UK Conveyancers and Lenders have computing power hundreds of times more powerful than 20 years ago, yet My Home Move still receive over 1 million hard copy conveyancing documents each year through the post from them.
The pictures painted by some visionaries and futurists of wholly electronic conveyancing transactions, using automation to speed up every stage and artificial intelligence to deliver perfect decision making and advice, are compelling and credible – apart from one crucial factor. Inertia.
The key to progress in technology for conveyancing is an acceptance that we are implementing ‘perfect’* technology in an imperfect world. It’s not enough to build the future, you need to do so in a way that embraces the past.
It’s very liberating, accepting that perfection can’t actually be achieved. Just because A.I. can’t deal with every scenario, it doesn’t mean it’s not worth doing. The efficiency gained from automating a process for even 50% of cases can be huge and the beauty of machine learning is that the percentage will progressively increase.
This is why we are implementing artificial intelligence and machine learning in our document processing centre. We’d love everyone to integrate with our systems so that we could pipe all case data straight into our systems, but we’re realistic about the fact that many conveyancing businesses are simply not going to change. For over 15 years we’ve been scanning every item of post we receive and attaching them to an electronic case file, but as our volumes get bigger and the technology quickly becomes more capable, now is the time to automate progressively more of this process, freeing up staff for other, more value adding activities.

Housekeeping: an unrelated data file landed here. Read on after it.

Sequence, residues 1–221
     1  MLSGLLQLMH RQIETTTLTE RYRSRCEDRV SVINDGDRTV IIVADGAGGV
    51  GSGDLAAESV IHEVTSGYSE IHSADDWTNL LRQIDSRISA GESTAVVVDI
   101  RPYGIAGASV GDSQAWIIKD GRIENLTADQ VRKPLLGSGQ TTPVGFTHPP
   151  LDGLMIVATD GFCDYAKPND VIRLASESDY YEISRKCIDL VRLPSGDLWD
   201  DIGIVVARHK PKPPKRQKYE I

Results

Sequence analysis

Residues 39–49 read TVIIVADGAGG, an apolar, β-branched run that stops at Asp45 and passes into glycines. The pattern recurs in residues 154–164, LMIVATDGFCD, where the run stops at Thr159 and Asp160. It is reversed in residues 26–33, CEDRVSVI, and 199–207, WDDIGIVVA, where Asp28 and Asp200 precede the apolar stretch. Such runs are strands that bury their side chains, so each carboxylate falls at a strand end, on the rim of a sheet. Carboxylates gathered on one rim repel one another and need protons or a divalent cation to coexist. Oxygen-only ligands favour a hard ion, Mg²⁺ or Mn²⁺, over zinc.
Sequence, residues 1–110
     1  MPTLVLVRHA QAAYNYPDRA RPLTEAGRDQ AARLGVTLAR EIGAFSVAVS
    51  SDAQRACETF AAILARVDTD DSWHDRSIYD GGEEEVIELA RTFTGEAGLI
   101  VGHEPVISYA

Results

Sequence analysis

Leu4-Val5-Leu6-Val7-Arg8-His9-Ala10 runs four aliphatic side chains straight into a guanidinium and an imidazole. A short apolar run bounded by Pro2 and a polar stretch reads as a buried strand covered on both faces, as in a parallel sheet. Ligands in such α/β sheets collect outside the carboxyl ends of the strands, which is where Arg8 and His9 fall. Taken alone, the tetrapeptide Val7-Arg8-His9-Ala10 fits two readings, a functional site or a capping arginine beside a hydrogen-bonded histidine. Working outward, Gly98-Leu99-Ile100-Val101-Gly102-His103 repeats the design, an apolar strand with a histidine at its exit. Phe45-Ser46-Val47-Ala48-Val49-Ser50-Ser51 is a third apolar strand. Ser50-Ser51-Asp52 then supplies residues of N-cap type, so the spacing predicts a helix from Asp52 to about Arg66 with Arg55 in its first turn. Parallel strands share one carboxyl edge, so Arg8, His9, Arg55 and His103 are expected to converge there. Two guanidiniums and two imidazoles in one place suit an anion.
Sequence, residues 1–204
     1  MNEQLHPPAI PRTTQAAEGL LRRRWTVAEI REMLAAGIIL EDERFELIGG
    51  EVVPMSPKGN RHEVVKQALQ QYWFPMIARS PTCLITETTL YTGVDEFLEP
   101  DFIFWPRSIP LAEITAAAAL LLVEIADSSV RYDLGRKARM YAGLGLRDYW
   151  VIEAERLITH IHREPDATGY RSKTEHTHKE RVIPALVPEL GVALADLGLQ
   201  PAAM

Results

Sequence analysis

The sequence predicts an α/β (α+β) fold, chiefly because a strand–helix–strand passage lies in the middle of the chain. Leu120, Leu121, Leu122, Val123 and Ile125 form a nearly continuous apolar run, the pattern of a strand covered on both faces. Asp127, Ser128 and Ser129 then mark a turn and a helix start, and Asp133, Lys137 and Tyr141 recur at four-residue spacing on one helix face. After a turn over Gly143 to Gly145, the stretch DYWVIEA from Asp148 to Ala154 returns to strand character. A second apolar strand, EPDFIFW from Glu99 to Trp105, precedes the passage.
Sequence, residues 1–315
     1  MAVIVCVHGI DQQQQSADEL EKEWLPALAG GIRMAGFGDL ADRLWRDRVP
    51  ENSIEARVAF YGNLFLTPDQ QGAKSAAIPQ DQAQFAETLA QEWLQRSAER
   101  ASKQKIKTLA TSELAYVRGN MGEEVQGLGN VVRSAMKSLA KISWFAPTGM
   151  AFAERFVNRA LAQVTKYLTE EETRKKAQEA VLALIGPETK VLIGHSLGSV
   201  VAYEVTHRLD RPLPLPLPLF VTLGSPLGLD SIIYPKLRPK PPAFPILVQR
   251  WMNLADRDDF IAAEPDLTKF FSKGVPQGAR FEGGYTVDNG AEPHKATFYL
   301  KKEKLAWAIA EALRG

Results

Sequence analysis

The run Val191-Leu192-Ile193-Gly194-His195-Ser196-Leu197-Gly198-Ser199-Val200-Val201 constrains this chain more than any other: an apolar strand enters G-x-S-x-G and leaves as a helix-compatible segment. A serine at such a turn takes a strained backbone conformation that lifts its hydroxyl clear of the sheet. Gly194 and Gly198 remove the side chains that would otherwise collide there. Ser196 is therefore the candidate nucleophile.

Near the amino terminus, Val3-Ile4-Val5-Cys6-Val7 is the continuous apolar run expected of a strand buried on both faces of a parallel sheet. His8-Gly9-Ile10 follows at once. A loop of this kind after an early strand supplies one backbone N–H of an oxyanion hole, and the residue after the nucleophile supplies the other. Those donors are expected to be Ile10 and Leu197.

Once a document is scanned in, the system identifies key words and phrases to identify the case to which the document corresponds, the document type and ‘reads’ the whole document. The system then attaches it to the file in the case-management system, ready for the conveyancer. In many cases, the data within the document will also drive automated follow-on tasks, saving even more time.
We still have a team who monitor the system for errors but, as all AI should, the system is constantly learning from the errors that it makes, resulting in ever increasing automatic accuracy rates. It’s a very practical application of AI but it’s also the first step in an exciting journey, which includes a partnership with Government and Academia to develop AI much deeper into the detail of the conveyancing process.
My advice, when it comes to driving technology forward, don’t wait for a perfect opportunity and environment – make a start, and let the technology close the gap.
*Yes , I know it’s never truly perfect but, with the right programming it won’t make mistakes, have an ‘off day’ or be distracted by external factors!